At a national level, improved NDE capability not only underpins key growth areas such as high value manufacturing and energy, but is also crucial to public safety. Ultimately the whole UK economy will benefit through greater efficiency and less down-time, and UK society through increased safety and reduced environmental risk.

Many of the beneficiaries are existing collaborators. 16 major end-user members of RCNDE are represented by NDEvR, the Industrial Partner in a Strategic Partnership with EPSRC. Through NDEvR, RCNDE now has 30 Associate members from the supply chain (many of them SMEs) to stimulate technology transfer. NDEvR has developed a long term vision for research needs across a range of market sectors and the proposed research will be directed at these priorities. Impact will be maximised by focused communication and engagement activities between academic partners and industry.
The research will involve a significant cadre of postdoctoral and student engineers which will contribute to recruitment of high achieving engineers into both the academic and industrial NDE communities, thereby introducing new engineering skills and capability as well as helping to rejuvenate an ageing demographic in this important area of engineering.

The dissemination of research will include a structured range of events involving academic and industrial partners and designed to foster collaboration. These will include 3 plenary meetings annually, a dedicated annual research conference, typically 3 technology readiness workshops and technology seminars each year, university visits by industrialists and industrial visits by academics. All of these strengthen communications, focus engagement and cement long-term relationships. Additional dissemination to the wider community will include journal publications, conference presentations, plenary lectures etc and we will build on emerging links with the TSB Catapult centres and the EPSRC manufacturing research centres.

We are also committed to public engagement, and will use the dedicated and nationally leading Centre for Public Engagement operated by the University of Bristol to drive this aspect forward. This will include involvement with outreach programmes to raise the profile of engineering in schools and promote the public understanding of NDE, for example through exhibits at science festivals, secondment and publications in the wider media. Academic and industrial members of the Centre will support wider initiatives to build engineering skills, academic leadership and safeguard long-term research through engagement with the relevant policy committees of professional institutions and national initiatives.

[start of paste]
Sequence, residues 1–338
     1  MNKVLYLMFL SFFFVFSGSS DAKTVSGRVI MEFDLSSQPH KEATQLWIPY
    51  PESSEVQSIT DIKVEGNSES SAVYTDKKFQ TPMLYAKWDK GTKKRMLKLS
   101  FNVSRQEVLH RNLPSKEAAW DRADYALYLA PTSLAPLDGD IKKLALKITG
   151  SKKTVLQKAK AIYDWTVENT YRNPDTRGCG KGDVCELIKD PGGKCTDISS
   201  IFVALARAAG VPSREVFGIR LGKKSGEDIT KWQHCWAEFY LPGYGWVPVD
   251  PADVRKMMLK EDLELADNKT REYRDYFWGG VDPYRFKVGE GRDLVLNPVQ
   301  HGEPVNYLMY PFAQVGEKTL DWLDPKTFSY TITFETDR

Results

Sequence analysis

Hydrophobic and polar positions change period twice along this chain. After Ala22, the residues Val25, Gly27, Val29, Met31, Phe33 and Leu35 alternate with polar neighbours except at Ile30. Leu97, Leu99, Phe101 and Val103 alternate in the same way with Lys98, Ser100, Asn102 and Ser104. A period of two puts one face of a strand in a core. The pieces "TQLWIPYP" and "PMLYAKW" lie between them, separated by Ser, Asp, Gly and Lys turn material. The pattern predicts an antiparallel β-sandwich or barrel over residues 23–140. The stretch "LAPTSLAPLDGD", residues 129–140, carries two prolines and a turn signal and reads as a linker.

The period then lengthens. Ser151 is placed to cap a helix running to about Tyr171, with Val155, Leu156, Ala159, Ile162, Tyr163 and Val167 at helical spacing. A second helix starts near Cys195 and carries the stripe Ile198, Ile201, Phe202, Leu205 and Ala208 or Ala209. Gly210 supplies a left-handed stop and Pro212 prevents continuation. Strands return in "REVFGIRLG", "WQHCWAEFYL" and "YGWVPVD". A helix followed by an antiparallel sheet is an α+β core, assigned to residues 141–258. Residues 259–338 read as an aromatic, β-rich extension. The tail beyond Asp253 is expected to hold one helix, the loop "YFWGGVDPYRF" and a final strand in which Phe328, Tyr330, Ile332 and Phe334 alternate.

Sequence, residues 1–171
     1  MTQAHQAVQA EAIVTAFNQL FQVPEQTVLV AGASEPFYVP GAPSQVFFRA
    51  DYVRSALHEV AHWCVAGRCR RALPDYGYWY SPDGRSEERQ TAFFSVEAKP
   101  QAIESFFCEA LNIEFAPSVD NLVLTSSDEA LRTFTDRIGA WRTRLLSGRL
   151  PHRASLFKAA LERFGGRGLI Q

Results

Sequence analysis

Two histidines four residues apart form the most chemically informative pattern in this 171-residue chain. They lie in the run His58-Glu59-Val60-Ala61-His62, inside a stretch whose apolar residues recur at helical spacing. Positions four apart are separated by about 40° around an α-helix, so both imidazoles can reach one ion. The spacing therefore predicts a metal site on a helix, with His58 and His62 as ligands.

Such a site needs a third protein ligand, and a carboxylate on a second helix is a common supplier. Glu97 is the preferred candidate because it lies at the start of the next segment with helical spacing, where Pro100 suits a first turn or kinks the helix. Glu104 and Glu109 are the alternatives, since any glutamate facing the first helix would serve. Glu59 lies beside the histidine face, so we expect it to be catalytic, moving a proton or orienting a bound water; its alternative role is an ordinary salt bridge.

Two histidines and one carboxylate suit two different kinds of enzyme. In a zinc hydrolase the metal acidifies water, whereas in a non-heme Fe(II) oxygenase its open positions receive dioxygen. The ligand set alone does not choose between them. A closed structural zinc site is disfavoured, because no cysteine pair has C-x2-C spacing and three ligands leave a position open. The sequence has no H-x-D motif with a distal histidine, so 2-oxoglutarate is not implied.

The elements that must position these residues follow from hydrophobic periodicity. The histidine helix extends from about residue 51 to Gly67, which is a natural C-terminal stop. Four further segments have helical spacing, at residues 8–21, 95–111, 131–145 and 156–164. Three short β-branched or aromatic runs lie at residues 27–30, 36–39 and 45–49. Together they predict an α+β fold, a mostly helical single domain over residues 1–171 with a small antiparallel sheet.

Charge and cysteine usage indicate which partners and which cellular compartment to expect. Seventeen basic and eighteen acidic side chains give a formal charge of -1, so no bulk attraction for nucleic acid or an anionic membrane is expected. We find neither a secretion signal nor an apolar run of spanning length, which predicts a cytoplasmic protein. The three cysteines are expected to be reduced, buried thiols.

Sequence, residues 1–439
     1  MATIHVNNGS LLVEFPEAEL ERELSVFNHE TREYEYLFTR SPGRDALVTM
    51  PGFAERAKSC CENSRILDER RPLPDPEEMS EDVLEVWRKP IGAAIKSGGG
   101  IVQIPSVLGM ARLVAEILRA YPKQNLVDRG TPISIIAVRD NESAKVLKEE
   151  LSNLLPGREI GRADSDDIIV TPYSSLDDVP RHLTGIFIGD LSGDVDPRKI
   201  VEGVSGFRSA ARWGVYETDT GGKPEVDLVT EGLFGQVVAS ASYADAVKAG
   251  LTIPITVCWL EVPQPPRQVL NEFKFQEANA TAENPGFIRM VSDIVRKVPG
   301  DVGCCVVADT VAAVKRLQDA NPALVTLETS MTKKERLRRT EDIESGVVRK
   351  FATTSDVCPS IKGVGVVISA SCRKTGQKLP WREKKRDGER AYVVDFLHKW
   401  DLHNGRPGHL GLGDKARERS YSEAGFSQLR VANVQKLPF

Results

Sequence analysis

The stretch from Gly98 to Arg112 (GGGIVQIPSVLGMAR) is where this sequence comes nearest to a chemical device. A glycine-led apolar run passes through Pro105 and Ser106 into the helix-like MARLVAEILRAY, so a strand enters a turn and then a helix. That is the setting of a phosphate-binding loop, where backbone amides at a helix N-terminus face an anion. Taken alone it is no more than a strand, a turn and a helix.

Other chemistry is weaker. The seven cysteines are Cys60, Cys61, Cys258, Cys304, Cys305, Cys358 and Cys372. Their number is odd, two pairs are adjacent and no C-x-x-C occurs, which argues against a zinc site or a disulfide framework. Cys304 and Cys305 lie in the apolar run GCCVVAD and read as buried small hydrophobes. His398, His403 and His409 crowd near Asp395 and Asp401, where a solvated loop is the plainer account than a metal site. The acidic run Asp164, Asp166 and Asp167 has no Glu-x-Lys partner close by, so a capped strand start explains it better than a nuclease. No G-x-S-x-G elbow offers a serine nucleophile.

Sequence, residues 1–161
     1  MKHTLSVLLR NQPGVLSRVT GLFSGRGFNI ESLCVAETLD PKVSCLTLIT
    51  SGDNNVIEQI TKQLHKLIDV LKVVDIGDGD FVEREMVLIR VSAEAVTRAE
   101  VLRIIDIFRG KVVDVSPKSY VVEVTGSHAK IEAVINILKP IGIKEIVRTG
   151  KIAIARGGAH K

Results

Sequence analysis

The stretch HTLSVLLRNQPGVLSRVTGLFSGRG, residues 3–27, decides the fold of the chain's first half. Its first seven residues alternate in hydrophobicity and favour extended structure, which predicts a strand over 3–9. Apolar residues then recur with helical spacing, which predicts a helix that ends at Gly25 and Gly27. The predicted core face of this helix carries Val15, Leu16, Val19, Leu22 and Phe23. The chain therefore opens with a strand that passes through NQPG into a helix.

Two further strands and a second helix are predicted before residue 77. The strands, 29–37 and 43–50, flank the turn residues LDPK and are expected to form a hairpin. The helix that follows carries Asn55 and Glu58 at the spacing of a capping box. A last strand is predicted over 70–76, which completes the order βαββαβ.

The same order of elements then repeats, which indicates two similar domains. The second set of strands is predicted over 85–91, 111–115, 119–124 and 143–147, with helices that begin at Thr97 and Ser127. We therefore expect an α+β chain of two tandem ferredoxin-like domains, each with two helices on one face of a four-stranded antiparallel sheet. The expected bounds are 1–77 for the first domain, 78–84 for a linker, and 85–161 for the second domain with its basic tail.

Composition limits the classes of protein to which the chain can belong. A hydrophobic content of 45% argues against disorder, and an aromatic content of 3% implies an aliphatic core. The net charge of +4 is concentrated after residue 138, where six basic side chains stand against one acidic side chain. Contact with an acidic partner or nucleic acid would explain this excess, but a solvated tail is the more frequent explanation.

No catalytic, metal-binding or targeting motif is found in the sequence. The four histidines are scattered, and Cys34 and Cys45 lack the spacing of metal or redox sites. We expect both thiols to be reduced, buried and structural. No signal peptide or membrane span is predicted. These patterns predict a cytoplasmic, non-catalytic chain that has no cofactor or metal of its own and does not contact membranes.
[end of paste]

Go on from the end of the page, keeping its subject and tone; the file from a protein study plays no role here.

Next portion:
Publications

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Algehyne E (2015) A finite element approach to modelling fractal ultrasonic transducers in IMA Journal of Applied Mathematics

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Bai L (2015) Characterization of defects using ultrasonic arrays: a dynamic classifier approach. in IEEE transactions on ultrasonics, ferroelectrics, and frequency control

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Bai L (2015) Ultrasonic characterization of crack-like defects using scattering matrix similarity metrics. in IEEE transactions on ultrasonics, ferroelectrics, and frequency control

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Combaniere J (2019) Interaction Between SH Guided Waves and Tilted Surface-Breaking Cracks in Plates. in IEEE transactions on ultrasonics, ferroelectrics, and frequency control

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Corcoran J (2017) Rate-based structural health monitoring using permanently installed sensors. in Proceedings. Mathematical, physical, and engineering sciences

 
Description The UK Research Centre in Non-destructive Evaluation (RCNDE) is a collaboration between EPSRC, universities and industry to perform world-class research in NDE and related fields. The EPSRC funded 'core' research is divided into 4 Themes - outcomes from completed and near-completed projects are summarised here together with key references.

THEME 1: ENHANCED IMAGING

(a) Incomplete array imaging (Imperial College)
Development of algorithms which will reduce the number of projections required for accurate image reconstruction for both Xray CT and ultrasonics while still enabling images of sufficient quality to be produced. Outputs include:
• Development of a fast hybrid InverseFourier algorithm for limited-view CT, which maximises the advantages of both inverse and Fourier based imaging methods.
• A regularisation scheme based on an existing binarisation technique.
• A study comparing the new algorithm with existing techniques, which showed better imaging results and significant speed improvements compared to other iterative algorithms.